The meplat (from the French word "méplat" meaning "flat surface of a cylinder") is the technical term for the flat or open tip on the nose of a bullet. The shape of the meplat is important in determining how the bullet moves through the air. In particular the size and shape of the meplat has a significant effect on the ballistic coefficient of a bullet.
Trimming the meplat (cutting the tip of the bullet, thus increasing its area) decreases the bullet's ballistic coefficient, increasing drag and making it more susceptible to wind drift. So even though the grouping will be tighter, the time of flight and wind drift will be slightly greater.
Pointing the meplat (reducing its area) involves pressing the bullets into a special die. This decreases the size of the meplat which increases the ballistic coefficient and reduces drag, time of flight and wind drift. Some target shooters sort their bullets by weight, point their bullets and then trim them to the same meplat width to ensure the greatest possible consistency.
Meplats are often used to increase the bullet's wounding ability.
The shape of the nose of an axisymmetric projectile that gives it the least possible aerodynamic drag at hypersonic speeds always has a meplat, the diameter of which depends on the length of the nose.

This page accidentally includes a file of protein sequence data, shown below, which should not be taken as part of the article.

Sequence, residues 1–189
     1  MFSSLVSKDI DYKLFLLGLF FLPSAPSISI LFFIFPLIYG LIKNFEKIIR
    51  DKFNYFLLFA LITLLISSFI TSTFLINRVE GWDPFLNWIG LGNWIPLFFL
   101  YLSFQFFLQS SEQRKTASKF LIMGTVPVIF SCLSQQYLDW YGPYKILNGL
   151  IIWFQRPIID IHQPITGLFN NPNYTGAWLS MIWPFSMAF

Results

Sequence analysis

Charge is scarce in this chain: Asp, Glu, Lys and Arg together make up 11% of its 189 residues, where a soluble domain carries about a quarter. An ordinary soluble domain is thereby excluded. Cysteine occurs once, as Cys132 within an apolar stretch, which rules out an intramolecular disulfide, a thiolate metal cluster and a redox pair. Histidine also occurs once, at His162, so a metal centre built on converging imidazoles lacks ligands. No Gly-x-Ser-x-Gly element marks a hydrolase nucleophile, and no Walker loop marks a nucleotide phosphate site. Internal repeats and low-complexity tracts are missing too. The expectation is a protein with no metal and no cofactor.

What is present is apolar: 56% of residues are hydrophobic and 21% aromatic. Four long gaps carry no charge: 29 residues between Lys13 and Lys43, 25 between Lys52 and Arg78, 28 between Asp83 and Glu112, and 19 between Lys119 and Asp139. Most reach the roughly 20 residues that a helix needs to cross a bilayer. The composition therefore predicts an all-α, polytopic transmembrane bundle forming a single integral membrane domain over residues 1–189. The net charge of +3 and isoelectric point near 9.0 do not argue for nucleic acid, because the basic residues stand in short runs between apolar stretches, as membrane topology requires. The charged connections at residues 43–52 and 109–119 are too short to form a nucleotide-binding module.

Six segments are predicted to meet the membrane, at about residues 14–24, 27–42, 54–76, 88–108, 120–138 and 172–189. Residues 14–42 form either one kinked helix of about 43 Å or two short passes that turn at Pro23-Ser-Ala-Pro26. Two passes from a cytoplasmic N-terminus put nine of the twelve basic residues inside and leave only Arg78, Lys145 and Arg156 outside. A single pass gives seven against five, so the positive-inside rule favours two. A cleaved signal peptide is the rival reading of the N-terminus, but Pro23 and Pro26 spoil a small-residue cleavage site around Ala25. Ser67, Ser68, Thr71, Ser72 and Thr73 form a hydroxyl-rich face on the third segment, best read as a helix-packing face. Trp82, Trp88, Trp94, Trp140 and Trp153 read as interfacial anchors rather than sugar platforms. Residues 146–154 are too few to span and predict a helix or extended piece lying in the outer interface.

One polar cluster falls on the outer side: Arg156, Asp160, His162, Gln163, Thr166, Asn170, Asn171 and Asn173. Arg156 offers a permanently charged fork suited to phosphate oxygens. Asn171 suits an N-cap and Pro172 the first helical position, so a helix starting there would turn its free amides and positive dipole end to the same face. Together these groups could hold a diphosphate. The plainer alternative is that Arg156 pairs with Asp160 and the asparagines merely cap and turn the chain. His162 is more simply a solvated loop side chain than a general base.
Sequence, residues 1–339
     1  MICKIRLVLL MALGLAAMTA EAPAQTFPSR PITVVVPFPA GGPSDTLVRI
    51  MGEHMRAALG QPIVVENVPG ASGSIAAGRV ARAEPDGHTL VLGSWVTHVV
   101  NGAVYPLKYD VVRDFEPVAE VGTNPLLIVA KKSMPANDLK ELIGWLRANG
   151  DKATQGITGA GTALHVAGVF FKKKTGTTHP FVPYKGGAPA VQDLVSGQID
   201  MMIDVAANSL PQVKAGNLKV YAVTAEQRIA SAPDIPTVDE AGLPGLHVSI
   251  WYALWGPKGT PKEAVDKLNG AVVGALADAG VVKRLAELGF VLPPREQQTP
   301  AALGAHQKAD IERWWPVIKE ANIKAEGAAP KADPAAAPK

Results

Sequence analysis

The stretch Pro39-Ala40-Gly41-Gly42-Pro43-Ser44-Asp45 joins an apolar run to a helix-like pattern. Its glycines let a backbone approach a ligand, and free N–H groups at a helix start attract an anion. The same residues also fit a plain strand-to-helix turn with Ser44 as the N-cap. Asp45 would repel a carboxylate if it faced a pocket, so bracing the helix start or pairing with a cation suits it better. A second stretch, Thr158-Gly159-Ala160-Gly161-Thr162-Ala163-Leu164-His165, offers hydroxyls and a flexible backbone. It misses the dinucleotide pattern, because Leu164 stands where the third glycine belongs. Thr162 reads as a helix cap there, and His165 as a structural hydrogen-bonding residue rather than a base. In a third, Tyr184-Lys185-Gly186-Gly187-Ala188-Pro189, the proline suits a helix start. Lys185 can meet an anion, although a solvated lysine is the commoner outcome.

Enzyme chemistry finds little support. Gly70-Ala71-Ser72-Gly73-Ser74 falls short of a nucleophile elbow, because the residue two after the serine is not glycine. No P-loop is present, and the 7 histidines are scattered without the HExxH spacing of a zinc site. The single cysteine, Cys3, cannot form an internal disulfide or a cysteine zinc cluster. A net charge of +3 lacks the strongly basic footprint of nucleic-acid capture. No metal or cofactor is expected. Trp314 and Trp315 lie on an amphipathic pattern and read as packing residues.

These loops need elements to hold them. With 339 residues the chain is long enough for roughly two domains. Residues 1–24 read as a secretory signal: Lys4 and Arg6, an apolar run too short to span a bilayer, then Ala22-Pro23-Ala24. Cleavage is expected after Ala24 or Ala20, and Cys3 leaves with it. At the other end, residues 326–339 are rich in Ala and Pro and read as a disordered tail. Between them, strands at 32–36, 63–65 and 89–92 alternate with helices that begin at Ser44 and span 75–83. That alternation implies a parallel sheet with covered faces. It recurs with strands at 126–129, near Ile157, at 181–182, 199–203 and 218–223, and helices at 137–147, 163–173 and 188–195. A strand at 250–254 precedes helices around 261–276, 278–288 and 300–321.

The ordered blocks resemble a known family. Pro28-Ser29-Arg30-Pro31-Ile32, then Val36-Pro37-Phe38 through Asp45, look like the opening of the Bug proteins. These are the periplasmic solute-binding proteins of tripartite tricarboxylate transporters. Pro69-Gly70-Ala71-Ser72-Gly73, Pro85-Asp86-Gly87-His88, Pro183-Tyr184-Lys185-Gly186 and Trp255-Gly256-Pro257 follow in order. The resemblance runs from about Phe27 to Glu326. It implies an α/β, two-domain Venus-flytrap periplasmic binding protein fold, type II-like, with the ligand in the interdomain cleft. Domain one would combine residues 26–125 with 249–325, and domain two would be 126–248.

If the meplats on a group of bullets are uneven, the trajectory of the bullets will vary which will cause the bullets to strike the target at different vertical locations. Bullets of the same mass that have similar-shaped meplats will travel through the air in nearly identical fashion, making it easier to group shots together or hit a target multiple times. For this reason, competitive shooters and snipers often trim or point their meplats to uniform shape.
Rounds of the same caliber but with different-shaped meplats sometimes cannot be loaded into the same firearm. The meplat plays an important role in the loading of weapons whose ammunition is guided into the chamber by a mechanism (e.g., semi-automatic, pump-action, lever-action, or bolt-action firearms), though this usually is not important in weapons whose rounds are chambered by hand (e.g., single-shots, multiple-barrel firearms, combination guns, or revolvers.)